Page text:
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Hanford nuclear waste cleanup unlikely ever to be complete, and with a poor safety culture

Worst U.S. Nuclear Waste Dump Inches Closer to Cleanup, Engineering News Record (ENR) October 3, 2019, Tim Newcomb and Debra K. Rubin   The relics of the nation’s World War II and Cold War past spread across 580 sq miles of desert plateau in southeastern Washington state in the form of decaying buildings and massive waste storage tanks that sustained plutonium production from 1943 to 1987.For more than three decades at the massive Hanford site near Richland, Wash., the U.S. Energy Dept. has tasked employees and multiple contractors to assess and clean up the daunting environmental legacy of making America’s nuclear weapons. Billions of dollars have been spent, but billions more are needed.

Now, a core piece of the cleanup program nears a milestone after 17 years and $17 billion of construction: startup of the first phase of a new production complex to transform much of Hanford’s 56 million gallons of long-stored radioactive waste from weapons-making into inert glass for safe disposal and future decay.

Nearly 3,000 on-site employees are attached to Hanford’s Tank Waste Treatment and Immobilization Plant, dubbed Vit Plant, including 1,500 trades workers. But as it pushes to meet court-imposed mandates, the project and its innovative technology still face big technical and funding uncertainties and stakeholder skepticism.

The project was conceived nearly two decades ago to pump the radioactive waste from 177 aging underground storage tanks, about 60 of which have leaked to the subsurface and likely into groundwater.

Using vitrification technology, the pumped waste will be heated to 2,100° F and blended with glass-forming materials. The molten mixture then will be poured into stainless steel canisters to cool and solidify, protecting humans and the environment from radioactivity as it dissipates over hundreds to thousands of years……..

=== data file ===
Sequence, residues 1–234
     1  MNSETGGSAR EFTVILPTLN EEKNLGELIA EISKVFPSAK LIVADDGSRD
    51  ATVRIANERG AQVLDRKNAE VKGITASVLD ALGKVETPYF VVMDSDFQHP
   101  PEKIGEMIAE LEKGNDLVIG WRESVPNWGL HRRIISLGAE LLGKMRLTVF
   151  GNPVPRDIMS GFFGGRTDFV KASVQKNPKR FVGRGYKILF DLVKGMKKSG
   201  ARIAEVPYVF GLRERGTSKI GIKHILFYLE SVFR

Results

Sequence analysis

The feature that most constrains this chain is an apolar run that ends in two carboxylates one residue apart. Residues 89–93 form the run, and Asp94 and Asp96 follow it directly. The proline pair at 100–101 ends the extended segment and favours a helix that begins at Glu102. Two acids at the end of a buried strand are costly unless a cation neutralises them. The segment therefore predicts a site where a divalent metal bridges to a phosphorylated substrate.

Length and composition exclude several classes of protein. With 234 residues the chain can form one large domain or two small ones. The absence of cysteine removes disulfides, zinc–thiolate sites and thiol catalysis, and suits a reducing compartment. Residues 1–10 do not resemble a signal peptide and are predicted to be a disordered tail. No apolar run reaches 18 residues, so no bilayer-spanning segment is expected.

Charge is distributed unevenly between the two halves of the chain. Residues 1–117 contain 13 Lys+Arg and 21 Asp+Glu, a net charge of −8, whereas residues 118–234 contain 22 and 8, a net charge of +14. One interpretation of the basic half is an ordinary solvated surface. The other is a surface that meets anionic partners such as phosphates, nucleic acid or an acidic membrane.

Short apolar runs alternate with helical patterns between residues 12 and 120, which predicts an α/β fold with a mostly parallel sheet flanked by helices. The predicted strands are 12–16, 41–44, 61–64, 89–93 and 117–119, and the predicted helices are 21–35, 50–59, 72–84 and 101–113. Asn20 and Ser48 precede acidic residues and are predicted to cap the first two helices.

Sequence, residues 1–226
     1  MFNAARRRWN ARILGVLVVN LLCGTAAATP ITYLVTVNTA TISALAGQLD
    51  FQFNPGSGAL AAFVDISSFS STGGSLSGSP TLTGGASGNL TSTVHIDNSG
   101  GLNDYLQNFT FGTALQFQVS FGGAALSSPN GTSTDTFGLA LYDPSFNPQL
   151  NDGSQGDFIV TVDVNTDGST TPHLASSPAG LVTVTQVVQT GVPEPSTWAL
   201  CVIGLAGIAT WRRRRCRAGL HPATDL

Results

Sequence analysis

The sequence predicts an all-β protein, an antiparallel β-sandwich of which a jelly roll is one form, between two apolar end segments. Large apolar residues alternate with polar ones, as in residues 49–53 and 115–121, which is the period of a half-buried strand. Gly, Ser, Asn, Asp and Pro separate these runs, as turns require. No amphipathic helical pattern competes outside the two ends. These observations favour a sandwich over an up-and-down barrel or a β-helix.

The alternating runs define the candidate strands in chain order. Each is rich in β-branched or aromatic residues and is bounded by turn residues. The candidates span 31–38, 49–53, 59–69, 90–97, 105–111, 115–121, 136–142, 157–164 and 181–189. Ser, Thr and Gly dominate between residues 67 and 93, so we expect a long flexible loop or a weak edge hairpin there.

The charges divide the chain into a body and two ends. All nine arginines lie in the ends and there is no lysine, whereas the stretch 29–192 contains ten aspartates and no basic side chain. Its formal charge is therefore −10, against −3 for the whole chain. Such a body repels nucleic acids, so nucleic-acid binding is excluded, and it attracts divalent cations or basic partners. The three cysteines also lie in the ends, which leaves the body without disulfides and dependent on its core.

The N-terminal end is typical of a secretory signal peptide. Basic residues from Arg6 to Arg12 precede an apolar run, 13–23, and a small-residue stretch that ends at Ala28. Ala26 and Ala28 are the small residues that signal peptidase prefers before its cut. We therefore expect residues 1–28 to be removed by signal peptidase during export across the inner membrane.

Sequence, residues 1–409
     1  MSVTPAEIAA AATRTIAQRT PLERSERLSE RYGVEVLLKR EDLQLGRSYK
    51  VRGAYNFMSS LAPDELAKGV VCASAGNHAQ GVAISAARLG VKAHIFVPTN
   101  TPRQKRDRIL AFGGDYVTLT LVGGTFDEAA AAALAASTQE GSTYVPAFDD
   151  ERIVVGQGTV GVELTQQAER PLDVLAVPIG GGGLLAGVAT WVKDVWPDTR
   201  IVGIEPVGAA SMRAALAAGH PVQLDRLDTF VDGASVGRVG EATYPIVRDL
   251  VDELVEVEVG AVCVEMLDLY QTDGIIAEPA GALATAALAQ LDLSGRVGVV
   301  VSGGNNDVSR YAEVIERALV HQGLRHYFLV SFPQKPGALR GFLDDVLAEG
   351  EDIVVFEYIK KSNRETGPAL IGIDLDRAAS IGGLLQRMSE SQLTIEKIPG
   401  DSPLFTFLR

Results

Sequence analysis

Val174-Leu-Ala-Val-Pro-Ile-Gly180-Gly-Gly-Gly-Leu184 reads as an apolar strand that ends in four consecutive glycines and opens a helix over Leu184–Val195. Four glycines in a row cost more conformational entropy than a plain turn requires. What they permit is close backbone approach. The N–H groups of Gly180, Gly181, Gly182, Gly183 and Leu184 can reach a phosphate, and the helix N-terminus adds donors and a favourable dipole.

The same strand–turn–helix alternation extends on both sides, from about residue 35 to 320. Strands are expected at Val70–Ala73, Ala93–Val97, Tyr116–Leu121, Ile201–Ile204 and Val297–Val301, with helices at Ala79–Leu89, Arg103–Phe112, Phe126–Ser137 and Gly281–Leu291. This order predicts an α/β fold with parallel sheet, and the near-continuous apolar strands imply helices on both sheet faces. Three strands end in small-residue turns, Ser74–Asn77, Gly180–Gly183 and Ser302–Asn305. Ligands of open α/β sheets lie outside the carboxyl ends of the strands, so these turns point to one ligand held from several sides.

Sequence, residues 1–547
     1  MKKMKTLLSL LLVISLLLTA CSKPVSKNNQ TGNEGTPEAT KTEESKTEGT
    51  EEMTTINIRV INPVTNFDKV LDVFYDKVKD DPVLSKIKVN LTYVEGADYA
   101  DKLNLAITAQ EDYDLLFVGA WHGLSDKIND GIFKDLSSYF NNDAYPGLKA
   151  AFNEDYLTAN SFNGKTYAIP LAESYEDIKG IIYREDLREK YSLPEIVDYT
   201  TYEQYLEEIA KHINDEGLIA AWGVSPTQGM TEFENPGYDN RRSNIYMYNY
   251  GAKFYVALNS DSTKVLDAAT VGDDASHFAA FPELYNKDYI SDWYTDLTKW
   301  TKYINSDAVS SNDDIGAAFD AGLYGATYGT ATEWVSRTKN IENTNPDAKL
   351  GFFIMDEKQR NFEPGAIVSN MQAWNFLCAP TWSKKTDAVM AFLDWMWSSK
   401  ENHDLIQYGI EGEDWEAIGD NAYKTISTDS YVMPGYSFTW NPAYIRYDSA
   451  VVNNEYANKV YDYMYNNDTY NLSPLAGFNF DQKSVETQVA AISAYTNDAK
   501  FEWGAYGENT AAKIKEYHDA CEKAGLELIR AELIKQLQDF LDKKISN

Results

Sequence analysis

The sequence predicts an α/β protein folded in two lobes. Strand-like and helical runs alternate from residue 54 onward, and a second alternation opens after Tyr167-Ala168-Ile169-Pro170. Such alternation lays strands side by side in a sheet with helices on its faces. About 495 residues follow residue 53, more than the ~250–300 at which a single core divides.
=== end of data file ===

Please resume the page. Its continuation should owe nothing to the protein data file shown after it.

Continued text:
the project—based on a design in a 1997 environmental impact statement—has been plagued by technical challenges and delays, and its cost now is about four times its original projection.

Project and government managers and regulators sparred regularly over scope changes, and progress and cost impacts that affected Bechtel performance incentives, most recently for 2018, says an April report in Tri-Cities-Herald, the regional newspaper that has followed the Vit Plant closely since its start. The newspaper notes improvements this year.

Even so, the current project price tag remains a moving target more than a decade from full completion, Years and billions of dollars beyond the original scope, DOE has tamped down expectations as safety and quality assurance issues emerged in the high-level waste (HLW) treatment process, some raised by whistleblowers, including one whose alarms resulted in his firing by site subcontractor URS, now part of AECOM, and a subsequent $4-million wrongful termination judgement.

Originally intending to treat all waste in a single stream, DOE in 2013 moved to create what is now called the Direct-Feed Low-Activity Waste (DFLAW) process, which will allow treatment of what the agency says is 90% of tank waste, which is considered “low-activity”, through a designated vitrification plant as engineers work out technical and design issues for high-level waste treatment.

Last month, Brian Vance, who heads DOE operations at Hanford, told the Washington state Dept. of Ecology in a “notice of serious risk” that his agency “cannot project with certainty” when the high-level waste or pretreatment plants will be completed…….

a congressionally mandated National Academies of Science draft report issued in mid-September raises concerns about the plant’s ability to treat the large amount of site low-level waste in time to meet the deadlines, based on existing design……..

Future Doubts

Tom Carpenter, executive director of leading site watchdog group Hanford Challenge, says no part of the Vit Plant should operate short of a complete and independent inspection that validates and verifies nuclear treatment quality.